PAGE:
Skill level: Intermediate/advanced
Surveying is a method to obtain information and opinions from various demographics. There are two main types of surveys:
- Quantitative surveys collect measurable and verifiable data.
- Qualitative surveys collect opinions.
Most surveys are intended to be analyzed mathematically and are a combination of both quantitative and qualitative.
The Likert Scale was created so that qualitative data can be analyzed mathematically. The format of a typical Likert scale is as follows:
- Strongly disagree
- Neither agree nor disagree
- Strongly agree
Surveys may use various types of media. In the past, mailed and door-to-door surveys were popular. Telephone, mall contact, and Internet surveys have now become the norm.
Internet surveys can be broken into two main groups: social media and survey site. Social media surveys are conducted through venues like FaceBook, Twitter, and LinkedIn and are presented to the subject. Survey sites such as Survey Monkey and organizations’ survey sites require respondents to go to the survey.
Designing and conducting a survey that will deliver quality information requires an understanding of some of the key challenges:
- Determining the sample size
- Creating a survey with non-leading questions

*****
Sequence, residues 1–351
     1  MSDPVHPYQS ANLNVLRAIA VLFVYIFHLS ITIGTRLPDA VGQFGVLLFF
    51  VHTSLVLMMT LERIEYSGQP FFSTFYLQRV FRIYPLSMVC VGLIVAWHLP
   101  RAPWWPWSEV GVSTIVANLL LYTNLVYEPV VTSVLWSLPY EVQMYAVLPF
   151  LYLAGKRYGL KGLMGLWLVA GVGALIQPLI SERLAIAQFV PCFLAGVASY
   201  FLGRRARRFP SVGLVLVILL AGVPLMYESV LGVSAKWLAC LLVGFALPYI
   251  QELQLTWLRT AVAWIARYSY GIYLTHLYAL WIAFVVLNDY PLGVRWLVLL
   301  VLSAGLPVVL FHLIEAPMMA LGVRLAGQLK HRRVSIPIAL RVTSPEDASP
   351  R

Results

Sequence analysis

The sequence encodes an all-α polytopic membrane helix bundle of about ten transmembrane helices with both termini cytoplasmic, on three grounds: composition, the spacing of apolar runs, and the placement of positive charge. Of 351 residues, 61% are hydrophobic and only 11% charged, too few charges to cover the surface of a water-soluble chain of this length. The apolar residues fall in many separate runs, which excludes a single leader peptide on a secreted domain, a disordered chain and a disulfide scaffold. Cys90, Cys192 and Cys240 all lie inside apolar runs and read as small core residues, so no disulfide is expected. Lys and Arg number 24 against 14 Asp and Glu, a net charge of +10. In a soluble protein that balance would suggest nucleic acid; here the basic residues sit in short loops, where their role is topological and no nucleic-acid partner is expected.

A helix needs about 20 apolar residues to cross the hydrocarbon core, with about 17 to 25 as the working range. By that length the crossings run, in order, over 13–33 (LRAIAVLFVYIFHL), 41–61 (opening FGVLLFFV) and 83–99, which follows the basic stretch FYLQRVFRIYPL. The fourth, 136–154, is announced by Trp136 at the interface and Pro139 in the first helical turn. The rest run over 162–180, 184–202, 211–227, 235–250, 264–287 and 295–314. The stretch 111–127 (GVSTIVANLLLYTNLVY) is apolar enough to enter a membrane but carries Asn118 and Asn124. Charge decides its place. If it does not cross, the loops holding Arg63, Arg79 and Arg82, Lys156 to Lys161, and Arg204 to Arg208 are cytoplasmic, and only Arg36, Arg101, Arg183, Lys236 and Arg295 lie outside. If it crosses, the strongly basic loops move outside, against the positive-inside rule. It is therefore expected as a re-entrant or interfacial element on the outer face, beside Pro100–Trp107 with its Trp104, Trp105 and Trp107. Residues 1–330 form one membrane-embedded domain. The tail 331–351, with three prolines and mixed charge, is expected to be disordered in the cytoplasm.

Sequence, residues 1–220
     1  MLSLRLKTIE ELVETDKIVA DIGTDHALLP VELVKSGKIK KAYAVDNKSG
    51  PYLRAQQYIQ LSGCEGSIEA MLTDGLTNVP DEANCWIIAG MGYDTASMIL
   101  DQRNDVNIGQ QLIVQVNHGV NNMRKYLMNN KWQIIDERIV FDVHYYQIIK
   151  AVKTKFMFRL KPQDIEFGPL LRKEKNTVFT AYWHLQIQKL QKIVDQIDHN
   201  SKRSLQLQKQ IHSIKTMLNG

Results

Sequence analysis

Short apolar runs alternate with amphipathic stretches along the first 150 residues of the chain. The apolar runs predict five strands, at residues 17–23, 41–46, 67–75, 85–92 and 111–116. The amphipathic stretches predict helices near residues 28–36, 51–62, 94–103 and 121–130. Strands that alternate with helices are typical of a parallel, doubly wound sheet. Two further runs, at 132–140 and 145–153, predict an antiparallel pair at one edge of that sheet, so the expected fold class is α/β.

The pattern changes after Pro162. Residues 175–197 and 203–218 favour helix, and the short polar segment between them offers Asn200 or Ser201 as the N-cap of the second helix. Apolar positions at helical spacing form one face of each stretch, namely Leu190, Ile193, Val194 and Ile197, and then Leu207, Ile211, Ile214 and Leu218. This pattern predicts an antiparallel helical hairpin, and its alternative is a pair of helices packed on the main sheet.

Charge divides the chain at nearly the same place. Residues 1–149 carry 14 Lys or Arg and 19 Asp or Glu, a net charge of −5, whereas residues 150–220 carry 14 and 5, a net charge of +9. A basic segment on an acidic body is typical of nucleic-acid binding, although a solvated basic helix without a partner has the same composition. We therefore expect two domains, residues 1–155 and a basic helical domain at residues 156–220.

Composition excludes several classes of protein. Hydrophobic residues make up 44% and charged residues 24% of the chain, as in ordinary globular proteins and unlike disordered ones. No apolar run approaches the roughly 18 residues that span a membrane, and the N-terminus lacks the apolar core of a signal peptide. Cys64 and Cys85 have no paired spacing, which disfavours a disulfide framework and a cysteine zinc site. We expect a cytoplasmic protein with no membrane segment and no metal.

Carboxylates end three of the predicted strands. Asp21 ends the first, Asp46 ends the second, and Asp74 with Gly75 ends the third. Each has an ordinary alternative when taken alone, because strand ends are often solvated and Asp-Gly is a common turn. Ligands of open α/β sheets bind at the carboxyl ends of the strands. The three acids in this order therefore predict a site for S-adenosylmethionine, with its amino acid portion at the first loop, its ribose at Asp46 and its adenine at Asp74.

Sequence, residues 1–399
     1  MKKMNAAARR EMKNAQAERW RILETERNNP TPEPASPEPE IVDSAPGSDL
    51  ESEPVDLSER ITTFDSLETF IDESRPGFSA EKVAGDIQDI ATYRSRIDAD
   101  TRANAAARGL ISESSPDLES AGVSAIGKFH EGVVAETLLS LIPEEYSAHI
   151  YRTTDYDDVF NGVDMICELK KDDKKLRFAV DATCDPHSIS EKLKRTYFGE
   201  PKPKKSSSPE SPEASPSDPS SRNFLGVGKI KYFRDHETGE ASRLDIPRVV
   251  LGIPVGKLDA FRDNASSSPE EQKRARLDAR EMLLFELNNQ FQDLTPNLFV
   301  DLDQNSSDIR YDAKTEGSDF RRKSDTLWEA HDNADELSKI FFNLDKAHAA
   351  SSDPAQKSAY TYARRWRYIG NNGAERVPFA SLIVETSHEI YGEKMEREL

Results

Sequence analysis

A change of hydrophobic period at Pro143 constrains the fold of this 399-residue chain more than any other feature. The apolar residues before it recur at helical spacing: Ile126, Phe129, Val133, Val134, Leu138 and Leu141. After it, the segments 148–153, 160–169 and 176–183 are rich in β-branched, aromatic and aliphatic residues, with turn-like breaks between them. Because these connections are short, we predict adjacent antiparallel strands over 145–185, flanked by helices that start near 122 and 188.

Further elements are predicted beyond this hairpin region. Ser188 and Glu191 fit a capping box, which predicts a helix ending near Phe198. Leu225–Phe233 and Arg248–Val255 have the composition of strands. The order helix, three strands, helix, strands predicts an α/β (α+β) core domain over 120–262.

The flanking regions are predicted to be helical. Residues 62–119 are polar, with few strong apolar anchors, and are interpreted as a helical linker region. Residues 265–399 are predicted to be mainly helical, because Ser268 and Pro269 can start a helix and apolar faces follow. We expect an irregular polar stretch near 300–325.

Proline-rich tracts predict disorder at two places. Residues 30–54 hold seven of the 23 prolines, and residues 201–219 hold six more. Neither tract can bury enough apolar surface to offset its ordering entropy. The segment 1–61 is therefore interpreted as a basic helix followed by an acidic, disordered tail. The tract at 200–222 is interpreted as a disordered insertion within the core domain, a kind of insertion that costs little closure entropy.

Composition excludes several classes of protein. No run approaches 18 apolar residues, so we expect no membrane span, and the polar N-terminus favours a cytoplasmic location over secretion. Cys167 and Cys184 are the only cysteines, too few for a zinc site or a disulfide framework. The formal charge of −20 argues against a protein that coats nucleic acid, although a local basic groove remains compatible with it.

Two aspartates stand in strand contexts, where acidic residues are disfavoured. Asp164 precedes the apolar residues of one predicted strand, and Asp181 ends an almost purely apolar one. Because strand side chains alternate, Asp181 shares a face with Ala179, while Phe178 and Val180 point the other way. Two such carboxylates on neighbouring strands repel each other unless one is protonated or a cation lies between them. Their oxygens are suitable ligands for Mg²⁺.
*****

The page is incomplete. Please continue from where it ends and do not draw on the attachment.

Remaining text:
- Demographic stratification
- Correlated samples
- Provides insight into customer thought process
- May provide information that cannot be gained elsewhere
- Satisfaction surveys can signal a problem before other methods
How to Use
- Step 1. Determine what you need to know.
- Step 2. Write questions that are not leading but collect the information you need.
- Step 3. Determine what method is best to collect the data.
- Step 4. Publish the survey to the survey takers.
- Step 5. Collect results and analyze them.
A company with a high turnover rate seeks to determine why its employees are leaving. All employees are required to complete a survey and are given 10 minutes of their work day to do so.
The survey asks employees to rate each of the following on a 1-5 Likert Scale: pay, medical insurance, vacation time, their supervisor, the working conditions, and the type of work. Employees are also required to fill out basic information such as gender, age, and number of years with the company. A roster of employees was maintained to ensure 100% participation.
Analyzing the results reveals:
- 92 percent of the returned surveys are usable (filled out, complete, and readable)
- 87 percent of all employees thought unfavorably about the health insurance plan
- 71 percent thought unfavorably about the chance for promotion
The company conducted root cause analysis to determine why survey responses were unfavorable for health insurance and promotion opportunities. Results of the root cause analysis led to the implementation of focused, improved offerings.
To assess whether the changes had the desired impact, the company conducted a second survey six months later. The subsequent survey showed that the two areas had improved significantly.